Maternal cardiac disease Harini Narayan Print Publication Year: 2015 Published Online: Sep 2015 ISBN: 9780199673643 eISBN: 9780191800344 Item type: chapter

Publisher: Oxford University Press DOI: 10.1093/med/9780199673643.003.0004

Cardiac disease is a leading cause of maternal mortality and morbidity. Pregnancy carries increased risks for women with congenital heart disease. This chapter addresses the general principles of multidisciplinary management of pregnancies of women with congenital or acquired cardiac diseases including valvular and ischaemic heart disease, aortic dissection, cardiac arrhythmias, hypertrophic cardiomyopathy and the rare, but life threatening peripartum cardiomyopathy. The fact file for each condition outlines aetiopathology, symptomatology, de-novo presentation in pregnancy, impact of cardiac diseases on pregnancy and vice versa. Pre-pregnancy cardiology/obstetric assessment and counselling with risk stratification, review of medications, continued assessment of maternal cardiac status during pregnancy, anaesthetic input, fetal assessments, risk of fetal cardiac disease, and prognosis are discussed. Controversies in anticoagulant regimen for prosthetic heart valves are addressed. Care pathways incorporate guidance regarding appropriate referrals to tertiary centres, integrated management plans for antenatal care, labour, delivery, postnatal contraceptive advice and continued cardiology surveillance.

Pregnancy and Heart Disease Patrizia Presbitero, Giacomo G. Boccuzzi, Christianne J.M. Groot, and Jolien W. Roos-Hesselink Print Publication Year: 2009 Published Online: Aug 2009 Publisher: Oxford University Press ISBN: 9780199566990 eISBN: 9780199572854 DOI: 10.1093/med/9780199566990.003.033 Item type: chapter

Maternal neurological conditions Harini Narayan Print Publication Year: 2015 Published Online: Sep 2015 ISBN: 9780199673643 eISBN: 9780191800344 Item type: chapter

Publisher: Oxford University Press DOI: 10.1093/med/9780199673643.003.0010

Page 3 of 5 PRINTED FROM OXFORD MEDICINE ONLINE (www.oxfordmedicine.com). © Oxford University Press, 2015. All Rights Reserved. Under the terms of the licence agreement, an individual user may print out a PDF of a single chapter of a title in Oxford Medicine Online for personal use (for details see Privacy Policy). date: 23 January 2017

A wide range of neurological disorders including epilepsy, Bell’s palsy, idiopathic intracranial hypertension, multiple sclerosis, strokes, myasthenia gravis, Charcot-MarieTooth disease, myotonic and muscular dystrophy are covered here. The multidisciplinary management required in each high-risk pregnancy is presented in practical terms based on national guidelines, best practice evidence, and up-to-date literature. Information regarding epidemiology, risk factors, inheritance, pathophysiology, symptomatology, impact of pregnancy on the neurological condition and vice versa, is presented in a format suitable for use in busy clinical settings. Multidisciplinary integrated antenatal management embracing both primary care and hospital settings and essential investigations and assessments are incorporated in individualized care pathways, ranging from pre-pregnancy to postdelivery, including contraception. Medications and supplements are discussed. Essential documentation and communication of the key information for intrapartum and postnatal care, as well as the need to avoid unnecessary interventions, are highlighted. Patient information is provided for each condition.

Benefits and risks of oral contraception John Guillebaud Print Publication Year: 2010 Published Online: May 2010 Publisher: Oxford University Press ISBN: 9780199204854 eISBN: 9780199570973 DOI: 10.1093/med/9780199204854.003.1419 Item type: chapter

Efficacy of the ‘pill’ as an oral contraceptive—users of combined oral contraceptives (COC) must understand the importance of not lengthening the pill-free (contraception-deficient) time, and be appropriately advised if prescribed enzyme-inducing drugs. Noncontraceptive benefits of COC use—these include fewer disorders of the menstrual cycle and less risk of colorectal cancer and cancers of the ovary and endometrium, which may sometimes provide the principal indication for prescription. Risks of COC use—these include (1) cancer of the breast (possible cofactor) and of the cervix (probable cofactor, with impact reducible through cervical screening); (2) venous thromboembolism—the attributable risk with any formulation of COC is very small without a hereditary or acquired predisposition, including obesity and immobility; (3) vascular diseases—the attributable risk of both acute myocardial infarction and haemorrhagic stroke is negligible without an added arterial risk factor; migraine with aura is a specific thrombotic stroke risk factor and contraindicates use of any oestrogen-containing method of contraception. By 10 years all-cause mortality in past-users is indistinguishable from that in never-users of the COC. Progestogen-only pills—these have fewer contraindications than COC. Desogestrel 75 µ#g (Cerazette) blocks ovulation in 97% of cycles, hence it relies less than other progestogen-only pills on the cervical mucus effect and is a more effective option if COC is contraindicated.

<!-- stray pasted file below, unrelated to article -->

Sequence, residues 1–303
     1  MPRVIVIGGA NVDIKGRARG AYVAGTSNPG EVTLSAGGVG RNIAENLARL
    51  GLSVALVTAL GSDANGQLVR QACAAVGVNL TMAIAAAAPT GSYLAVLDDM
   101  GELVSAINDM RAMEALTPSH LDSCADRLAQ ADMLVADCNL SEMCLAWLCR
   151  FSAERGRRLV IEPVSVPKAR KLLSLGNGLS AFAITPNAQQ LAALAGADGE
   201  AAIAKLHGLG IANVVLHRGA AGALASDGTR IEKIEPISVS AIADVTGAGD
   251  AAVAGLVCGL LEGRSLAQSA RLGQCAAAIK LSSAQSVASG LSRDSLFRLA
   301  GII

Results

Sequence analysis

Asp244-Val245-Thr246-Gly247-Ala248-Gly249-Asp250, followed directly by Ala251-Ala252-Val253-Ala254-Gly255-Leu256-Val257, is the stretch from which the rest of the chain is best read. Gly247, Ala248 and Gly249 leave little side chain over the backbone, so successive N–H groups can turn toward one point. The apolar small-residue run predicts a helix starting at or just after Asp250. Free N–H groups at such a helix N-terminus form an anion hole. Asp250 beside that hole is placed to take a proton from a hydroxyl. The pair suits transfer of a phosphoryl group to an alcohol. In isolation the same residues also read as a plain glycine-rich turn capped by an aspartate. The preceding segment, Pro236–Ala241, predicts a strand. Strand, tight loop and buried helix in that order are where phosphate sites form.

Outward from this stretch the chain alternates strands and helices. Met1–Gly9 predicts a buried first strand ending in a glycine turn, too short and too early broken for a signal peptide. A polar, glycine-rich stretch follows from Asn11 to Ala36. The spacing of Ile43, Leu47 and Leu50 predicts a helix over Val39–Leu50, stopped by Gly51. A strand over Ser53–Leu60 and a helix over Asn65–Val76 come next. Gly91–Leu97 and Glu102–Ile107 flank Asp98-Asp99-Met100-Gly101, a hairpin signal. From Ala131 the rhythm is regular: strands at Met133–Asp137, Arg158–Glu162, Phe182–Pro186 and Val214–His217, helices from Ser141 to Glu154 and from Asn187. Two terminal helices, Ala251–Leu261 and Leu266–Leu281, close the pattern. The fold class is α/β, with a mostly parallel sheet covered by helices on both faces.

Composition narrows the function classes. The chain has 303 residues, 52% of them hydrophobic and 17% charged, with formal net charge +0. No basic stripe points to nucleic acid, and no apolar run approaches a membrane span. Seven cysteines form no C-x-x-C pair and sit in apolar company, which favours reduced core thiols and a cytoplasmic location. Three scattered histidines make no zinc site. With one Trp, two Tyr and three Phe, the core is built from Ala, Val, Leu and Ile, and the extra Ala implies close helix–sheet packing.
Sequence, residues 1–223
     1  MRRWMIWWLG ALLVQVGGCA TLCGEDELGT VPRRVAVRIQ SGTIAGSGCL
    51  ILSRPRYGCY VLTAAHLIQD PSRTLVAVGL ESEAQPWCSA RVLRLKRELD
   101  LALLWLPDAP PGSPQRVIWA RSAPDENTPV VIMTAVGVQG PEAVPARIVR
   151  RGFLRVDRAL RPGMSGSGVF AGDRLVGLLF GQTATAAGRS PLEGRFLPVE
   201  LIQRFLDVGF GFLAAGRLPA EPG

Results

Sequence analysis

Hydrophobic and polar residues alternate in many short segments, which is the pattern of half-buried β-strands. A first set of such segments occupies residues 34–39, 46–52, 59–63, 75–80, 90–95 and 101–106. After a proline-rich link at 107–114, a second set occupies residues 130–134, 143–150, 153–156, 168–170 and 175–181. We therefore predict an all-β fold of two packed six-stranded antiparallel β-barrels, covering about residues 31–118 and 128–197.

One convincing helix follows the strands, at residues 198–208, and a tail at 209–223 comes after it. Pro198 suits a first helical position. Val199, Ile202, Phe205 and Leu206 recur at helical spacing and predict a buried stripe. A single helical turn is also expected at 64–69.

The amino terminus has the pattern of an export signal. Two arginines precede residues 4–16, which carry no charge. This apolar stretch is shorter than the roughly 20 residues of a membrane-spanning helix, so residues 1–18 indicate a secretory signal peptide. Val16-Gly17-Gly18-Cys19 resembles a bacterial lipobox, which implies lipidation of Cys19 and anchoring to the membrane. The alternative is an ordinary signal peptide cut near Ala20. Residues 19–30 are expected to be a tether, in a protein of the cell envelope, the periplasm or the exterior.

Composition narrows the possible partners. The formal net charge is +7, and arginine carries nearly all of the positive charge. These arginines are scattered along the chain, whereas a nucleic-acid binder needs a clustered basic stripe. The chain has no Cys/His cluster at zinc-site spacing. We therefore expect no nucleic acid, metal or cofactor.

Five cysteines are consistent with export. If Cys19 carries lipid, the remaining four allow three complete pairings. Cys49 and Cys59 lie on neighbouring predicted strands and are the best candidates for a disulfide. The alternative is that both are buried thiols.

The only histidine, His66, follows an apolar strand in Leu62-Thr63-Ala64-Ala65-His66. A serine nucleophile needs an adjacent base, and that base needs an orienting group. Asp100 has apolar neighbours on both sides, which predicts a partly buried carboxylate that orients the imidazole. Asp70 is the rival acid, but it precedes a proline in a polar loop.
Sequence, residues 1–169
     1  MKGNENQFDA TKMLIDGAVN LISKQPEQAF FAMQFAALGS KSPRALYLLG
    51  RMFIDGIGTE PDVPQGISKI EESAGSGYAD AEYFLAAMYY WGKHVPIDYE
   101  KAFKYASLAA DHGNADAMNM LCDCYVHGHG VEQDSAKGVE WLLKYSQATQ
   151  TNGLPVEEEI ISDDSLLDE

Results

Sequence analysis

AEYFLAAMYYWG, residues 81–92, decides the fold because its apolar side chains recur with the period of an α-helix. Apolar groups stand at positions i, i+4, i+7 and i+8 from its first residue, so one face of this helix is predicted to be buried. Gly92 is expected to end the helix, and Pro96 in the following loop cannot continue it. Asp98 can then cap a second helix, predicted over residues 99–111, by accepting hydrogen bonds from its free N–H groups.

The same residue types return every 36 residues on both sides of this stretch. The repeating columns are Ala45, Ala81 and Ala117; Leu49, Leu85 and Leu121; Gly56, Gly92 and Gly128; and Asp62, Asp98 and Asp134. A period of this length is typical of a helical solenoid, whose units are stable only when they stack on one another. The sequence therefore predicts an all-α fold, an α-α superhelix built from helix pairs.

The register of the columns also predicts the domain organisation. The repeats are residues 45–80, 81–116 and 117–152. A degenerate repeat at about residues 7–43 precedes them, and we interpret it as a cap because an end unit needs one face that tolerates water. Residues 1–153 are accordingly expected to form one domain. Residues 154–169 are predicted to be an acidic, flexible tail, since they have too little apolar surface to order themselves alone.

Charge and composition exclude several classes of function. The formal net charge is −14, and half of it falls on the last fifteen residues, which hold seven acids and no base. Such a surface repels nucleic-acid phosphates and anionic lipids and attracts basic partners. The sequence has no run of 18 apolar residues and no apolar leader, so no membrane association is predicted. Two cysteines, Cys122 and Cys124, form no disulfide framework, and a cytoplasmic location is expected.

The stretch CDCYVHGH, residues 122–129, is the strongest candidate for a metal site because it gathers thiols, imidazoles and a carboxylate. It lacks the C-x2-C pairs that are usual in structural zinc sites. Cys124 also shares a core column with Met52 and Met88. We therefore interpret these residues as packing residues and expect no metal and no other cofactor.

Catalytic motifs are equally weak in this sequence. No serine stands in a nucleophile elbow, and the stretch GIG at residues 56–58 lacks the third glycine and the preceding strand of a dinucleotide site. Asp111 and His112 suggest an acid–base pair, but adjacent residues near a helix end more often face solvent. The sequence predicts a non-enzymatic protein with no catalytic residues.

Page 4 of 5 PRINTED FROM OXFORD MEDICINE ONLINE (www.oxfordmedicine.com). © Oxford University Press, 2015. All Rights Reserved. Under the terms of the licence agreement, an individual user may print out a PDF of a single chapter of a title in Oxford Medicine Online for personal use (for details see Privacy Policy). date: 23 January 2017

Medical problems prior to pregnancy Sabaratnam Arulkumaran Ippokratis Sarris (ed.) , Susan Bewley (ed.) , and Sangeeta Agnihotri (ed.) Print Publication Year: 2009 Published Online: Nov 2012 Publisher: Oxford University Press ISBN: 9780199218479 eISBN: 9780191753169 DOI: 10.1093/med/9780199218479.003.0007 Item type: chapter

Psychiatric disorders - Substance abuse - Illicit drug abuse - Chronic hypertension Endocrine causes of hypertension - Cardiac disease - Congenital heart disease - Valvular heart disease - Acquired heart disease - Respiratory disease - Granulomatous disease - Cystic fibrosis - Neurological disease - Epilepsy - Diabetes in pregnancy - Thyroid and pregnancy—1 - Thyroid and pregnancy—2 - Parathyroid disease - Other endocrine disorders - Renal disease - Specific renal diseases - Transfusion-dependent anaemias and thalassaemia - Sickle cell disease - Bleeding disorders - Systemic lupus erythematosus Neonatal lupus erythematosus and rheumatoid arthritis - Antiphospholipid antibodies and syndrome - Inflammatory bowel disease Covered elsewhere Platelet disorders (see Section 8.15)